This spring, I was interviewed for a great new documentary called Pink Attitude: Princesses, Pop Stars, and Girl Power. The documentary will debut this Saturday, October 4 in France on ARTE, the European culture and public service television network.
Rape is not a joke. It’s an act of violence. Therefore, if a male employee makes unwanted “jokes” about rape to a female co-worker, it’s logical to conclude that his actions are creating a hostile work environment. Right?
Well, that’s what one woman here in Salem, Mass. alleges happened to her earlier this week. On her twitter page and in a Salem facebook group, she reported that while she was in training for her new job at Harrison’s Comics, a male co-worker told her that a specific storage room is called “The Rape Room.” When she replied, “That’s not okay,” she says he retorted, “It is if they can’t talk.”
Later, she says, the same co-worker touched her inappropriately, putting his arm around her and pulling her close while they were working.
She explained in the facebook group that when she complained to the owner, “He brushed it off because he is friends with the guy. He told me he didn’t want to make waves. I was off on Monday and when I went for my shift yesterday I was not even allowed in the store. The guy who made the rape joke blocked my entrance and told me I was fired. I fully admit I could be wrong but this does not seem like a coincidence.”
I don’t know whether her claims are true or not, but my inclination is to believe her. That’s not what I’d like to discuss today, though.
What stood out to me as I followed the coverage of her allegations today was this: As her story spread around the internet, numerous people suggested that she just needs to lighten up. After all, the “Rape Room” comment was just a joke. The attitude seems to be: Can’t she take a joke? Read More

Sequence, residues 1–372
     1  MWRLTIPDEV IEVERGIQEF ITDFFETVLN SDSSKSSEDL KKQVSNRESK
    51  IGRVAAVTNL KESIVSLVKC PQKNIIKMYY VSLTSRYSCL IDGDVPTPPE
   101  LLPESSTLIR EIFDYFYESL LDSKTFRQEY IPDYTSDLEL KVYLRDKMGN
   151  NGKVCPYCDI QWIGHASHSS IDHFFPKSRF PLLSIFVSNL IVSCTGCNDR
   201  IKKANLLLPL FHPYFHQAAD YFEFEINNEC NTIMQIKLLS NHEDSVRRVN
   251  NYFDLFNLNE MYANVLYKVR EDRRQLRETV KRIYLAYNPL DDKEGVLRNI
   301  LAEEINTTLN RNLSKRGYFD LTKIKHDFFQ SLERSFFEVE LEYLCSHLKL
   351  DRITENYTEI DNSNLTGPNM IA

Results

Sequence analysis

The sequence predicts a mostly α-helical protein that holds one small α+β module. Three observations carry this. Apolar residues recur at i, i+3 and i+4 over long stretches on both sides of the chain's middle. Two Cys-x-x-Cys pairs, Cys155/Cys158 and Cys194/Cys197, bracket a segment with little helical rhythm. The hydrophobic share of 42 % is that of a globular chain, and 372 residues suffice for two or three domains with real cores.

Yesterday, I spoke with CBC Radio about the Brave Girls Alliance’s #TruthInAds campaign, explaining why we’re asking advertisers to stop deceptively Photoshopping people’s bodies. The body alterations that are now routine in ads are contributing to a public health crisis—one disproportionately affecting children, teen girls, and women.
I also shared some advice from my book, The Princess Problem, for parents who are concerned about the body images their children are exposed to. You can listen to our segment, “Ditching Photoshop,” here:
(Note: the interview begins at the 4:55 mark.)
The good news, is that one retailer, ModCloth, has agreed to take the #TruthInAds pledge, receiving widespread praise from media outlets such as Time and Today—setting a precedent we hope other advertisers like Dove will follow.
But because not all advertisers are willing to discontinue this practice, the Brave Girls Alliance also wants the FTC to develop a regulatory framework prohibiting advertisers from materially altering people’s bodies. We’ve made this request via the bi-partisan Truth in Advertising Act (TIAA), which we introduced in the U.S. Congress in 2014. Here are some examples of what we mean by “material alterations”: Read More
I’m delighted to announce that my new book, The Princess Problem, will be released next Tuesday, Sept. 2, 2014! If you pre-order it on Amazon now, you will receive it on its release day. It will also be stocked on the “New Arrivals” tables at most Barnes & Noble stores across the U.S.
I wrote The Princess Problem to help parents raise girls who are equipped to navigate the marketing, beauty ideal, gender stereotypes, and race stereotypes found in princess culture and beyond. Parents of boys will be interested to note that the principles in the book are useful for parenting children of both sexes—I just use princess culture as a case study, if you will, to discuss how to raise media-literate children.
My research for The Princess Problem overlapped with the final stages of getting my previous book, Growing Up With Girl Power, to print. While I was researching Growing Up With Girl Power, the pre-adolescent girls I worked with kept talking about princesses, with some even wishing they could be princesses. The Disney Princess brand had debuted a few years prior to my fieldwork, and I was intrigued by its success.